It’s the start of semester and assessment tasks are flooding in. There are chapters to read, quizzes to do, reflections to write…the list of study related things that need to get done seems endless! During these times at uni I often find myself asking the really important questions, such as when will I have enough time to play my favourite video games? The answer to this all-too-real struggle is seemingly simple, yet difficult: time management.
I know no one wants to hear these words, and we all know the theory behind needing to be organised and manage our time, but the practicality of it is a little more elusive. Yet time management is so vital for making time for the most important things in life, gaining that extra level on that all-too-intense video game that you play with your friends, finding that hidden treasure after tracking through the forests battling monsters, whilst undertaking random quests.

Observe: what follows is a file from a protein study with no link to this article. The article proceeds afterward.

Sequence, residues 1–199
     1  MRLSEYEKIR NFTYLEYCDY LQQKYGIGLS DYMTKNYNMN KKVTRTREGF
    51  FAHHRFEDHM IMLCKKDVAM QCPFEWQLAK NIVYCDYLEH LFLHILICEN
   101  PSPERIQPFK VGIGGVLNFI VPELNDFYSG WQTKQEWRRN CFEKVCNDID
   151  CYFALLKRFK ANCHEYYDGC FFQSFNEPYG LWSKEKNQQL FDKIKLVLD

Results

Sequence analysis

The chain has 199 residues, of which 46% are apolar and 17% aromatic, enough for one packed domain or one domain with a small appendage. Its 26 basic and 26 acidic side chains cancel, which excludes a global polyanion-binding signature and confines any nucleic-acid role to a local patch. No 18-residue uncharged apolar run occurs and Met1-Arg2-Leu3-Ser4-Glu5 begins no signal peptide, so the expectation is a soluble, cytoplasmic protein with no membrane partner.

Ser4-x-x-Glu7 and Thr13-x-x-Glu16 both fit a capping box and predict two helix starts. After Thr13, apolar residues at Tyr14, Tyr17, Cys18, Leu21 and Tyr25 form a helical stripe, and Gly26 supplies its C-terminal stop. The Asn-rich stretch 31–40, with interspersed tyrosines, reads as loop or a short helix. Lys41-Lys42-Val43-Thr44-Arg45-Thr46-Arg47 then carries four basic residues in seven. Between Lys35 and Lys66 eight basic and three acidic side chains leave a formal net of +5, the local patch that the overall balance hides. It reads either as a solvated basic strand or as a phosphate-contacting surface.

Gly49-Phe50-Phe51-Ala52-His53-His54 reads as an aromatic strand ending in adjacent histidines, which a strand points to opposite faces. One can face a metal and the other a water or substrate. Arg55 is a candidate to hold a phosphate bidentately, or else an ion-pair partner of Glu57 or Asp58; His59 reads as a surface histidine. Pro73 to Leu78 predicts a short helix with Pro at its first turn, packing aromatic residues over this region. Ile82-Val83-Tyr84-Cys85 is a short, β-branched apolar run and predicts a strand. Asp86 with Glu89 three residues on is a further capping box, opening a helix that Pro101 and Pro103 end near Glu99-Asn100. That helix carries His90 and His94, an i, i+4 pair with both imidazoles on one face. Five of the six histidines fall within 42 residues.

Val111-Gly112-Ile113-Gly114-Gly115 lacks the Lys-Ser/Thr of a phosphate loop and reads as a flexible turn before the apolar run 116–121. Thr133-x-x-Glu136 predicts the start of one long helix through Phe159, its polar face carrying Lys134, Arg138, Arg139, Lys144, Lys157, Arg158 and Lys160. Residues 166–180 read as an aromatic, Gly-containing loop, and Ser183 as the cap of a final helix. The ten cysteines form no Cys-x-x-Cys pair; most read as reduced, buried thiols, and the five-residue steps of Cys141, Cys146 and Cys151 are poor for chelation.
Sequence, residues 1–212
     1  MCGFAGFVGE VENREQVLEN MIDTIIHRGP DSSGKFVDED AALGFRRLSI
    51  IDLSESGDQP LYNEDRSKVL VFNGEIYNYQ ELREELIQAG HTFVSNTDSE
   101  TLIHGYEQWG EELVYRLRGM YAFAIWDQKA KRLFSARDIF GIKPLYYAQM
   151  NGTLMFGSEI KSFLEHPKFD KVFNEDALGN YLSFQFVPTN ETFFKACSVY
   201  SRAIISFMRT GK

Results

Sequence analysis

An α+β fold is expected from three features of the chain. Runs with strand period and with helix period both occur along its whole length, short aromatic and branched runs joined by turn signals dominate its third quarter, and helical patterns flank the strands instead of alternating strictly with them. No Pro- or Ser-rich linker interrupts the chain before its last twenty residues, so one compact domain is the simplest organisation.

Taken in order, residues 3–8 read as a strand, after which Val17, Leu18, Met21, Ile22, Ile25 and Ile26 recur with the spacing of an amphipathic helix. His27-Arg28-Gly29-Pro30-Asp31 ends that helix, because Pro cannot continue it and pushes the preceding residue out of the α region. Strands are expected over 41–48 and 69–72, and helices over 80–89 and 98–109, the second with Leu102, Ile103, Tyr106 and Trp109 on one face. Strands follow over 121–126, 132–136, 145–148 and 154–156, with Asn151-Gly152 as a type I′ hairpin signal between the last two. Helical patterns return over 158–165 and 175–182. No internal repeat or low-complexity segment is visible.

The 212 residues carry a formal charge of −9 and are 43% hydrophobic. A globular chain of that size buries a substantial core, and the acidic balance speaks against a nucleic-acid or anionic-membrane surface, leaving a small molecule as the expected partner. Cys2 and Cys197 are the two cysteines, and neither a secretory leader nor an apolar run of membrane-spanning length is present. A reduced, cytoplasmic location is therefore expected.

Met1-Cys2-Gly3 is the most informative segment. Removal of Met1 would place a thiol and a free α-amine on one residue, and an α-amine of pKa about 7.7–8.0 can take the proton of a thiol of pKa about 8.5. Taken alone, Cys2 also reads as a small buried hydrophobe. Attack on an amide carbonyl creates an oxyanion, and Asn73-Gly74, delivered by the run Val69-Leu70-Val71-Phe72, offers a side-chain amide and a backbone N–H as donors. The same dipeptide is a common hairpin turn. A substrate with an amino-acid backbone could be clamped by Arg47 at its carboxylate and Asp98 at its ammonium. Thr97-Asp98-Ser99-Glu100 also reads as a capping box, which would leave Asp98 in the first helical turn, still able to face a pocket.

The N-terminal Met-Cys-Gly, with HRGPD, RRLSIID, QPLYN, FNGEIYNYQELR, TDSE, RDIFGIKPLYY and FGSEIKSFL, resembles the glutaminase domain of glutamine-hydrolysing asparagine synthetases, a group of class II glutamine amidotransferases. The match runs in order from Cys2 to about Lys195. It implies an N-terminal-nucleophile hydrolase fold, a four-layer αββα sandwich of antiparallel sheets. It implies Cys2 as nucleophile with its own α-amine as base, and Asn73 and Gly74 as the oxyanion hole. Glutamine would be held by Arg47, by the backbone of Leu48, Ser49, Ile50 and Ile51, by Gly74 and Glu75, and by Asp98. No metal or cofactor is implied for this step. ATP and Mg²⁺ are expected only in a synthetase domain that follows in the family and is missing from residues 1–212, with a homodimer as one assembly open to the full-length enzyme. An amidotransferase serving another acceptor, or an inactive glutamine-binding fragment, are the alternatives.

On the other hand, how do you do these things and still end up doing your required study? The struggle is a real problem for some of us. We all know it’s important to have a timetable for your classes, and that you have to stick to it. Well, why not schedule your required study time in the same manner? Why not go that extra step and schedule in your beloved gaming time? I know it sounds crazy but it can work rather well! We all talk about the importance of study, but maintaining an appropriate work-life balance is also of vital importance if you want to succeed at University.
Trying to stay motivated to get on top of your homework, assessment tasks and exam study can be an extremely difficult task. Attempting to do all these things, stay in contact with friends and family, and still have that all important “me time” is something that we frequently forget to focus on in our attempt to succeed at university, but it is these things that often assist us in pressing on to achieve our study goals. Why not consider having a reward system in place?
For every two hours of solid study you complete, play an hour of video games. If playing video games isn’t your thing then make it a reward that works for you. Go read the new Harry Potter book for an hour, go hang out with one of your friends, even go attempt to catch that all-too-elusive Pokémon. Whatever works!